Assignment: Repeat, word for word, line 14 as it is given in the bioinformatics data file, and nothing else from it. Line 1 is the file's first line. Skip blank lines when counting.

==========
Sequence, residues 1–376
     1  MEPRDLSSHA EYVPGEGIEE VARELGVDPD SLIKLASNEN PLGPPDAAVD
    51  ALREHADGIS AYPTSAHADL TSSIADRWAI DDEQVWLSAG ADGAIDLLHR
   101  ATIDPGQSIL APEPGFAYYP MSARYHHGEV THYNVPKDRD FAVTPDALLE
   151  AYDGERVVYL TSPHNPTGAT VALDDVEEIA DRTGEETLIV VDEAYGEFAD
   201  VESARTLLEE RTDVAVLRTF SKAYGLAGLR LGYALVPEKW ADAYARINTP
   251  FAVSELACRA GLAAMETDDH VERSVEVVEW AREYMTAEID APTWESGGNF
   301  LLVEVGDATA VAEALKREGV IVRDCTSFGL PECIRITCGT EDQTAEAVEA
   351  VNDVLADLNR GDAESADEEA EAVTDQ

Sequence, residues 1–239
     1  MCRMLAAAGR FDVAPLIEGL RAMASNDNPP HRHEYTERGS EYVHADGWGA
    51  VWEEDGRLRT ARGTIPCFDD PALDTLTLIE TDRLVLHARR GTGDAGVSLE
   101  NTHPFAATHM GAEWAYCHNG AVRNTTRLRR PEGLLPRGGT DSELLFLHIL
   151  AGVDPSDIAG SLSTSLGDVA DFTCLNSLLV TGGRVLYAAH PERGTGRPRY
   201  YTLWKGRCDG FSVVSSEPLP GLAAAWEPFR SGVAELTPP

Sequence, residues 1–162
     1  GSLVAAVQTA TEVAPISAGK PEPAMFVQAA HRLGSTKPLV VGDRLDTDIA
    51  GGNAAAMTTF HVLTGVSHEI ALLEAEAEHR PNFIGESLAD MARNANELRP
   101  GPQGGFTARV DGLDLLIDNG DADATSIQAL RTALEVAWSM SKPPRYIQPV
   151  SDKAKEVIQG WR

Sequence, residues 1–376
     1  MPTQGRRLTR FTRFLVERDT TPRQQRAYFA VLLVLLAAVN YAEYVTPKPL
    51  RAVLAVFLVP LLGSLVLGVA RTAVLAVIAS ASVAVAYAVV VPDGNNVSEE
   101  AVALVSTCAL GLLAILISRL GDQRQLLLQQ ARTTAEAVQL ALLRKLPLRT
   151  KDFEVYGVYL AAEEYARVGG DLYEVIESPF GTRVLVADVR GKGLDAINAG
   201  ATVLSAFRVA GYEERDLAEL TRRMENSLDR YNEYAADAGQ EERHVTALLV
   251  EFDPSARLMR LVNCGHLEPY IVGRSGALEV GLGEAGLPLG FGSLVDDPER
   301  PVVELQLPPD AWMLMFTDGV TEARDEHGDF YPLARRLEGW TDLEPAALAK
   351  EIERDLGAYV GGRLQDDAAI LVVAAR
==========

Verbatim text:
   151  AGVDPSDIAG SLSTSLGDVA DFTCLNSLLV TGGRVLYAAH PERGTGRPRY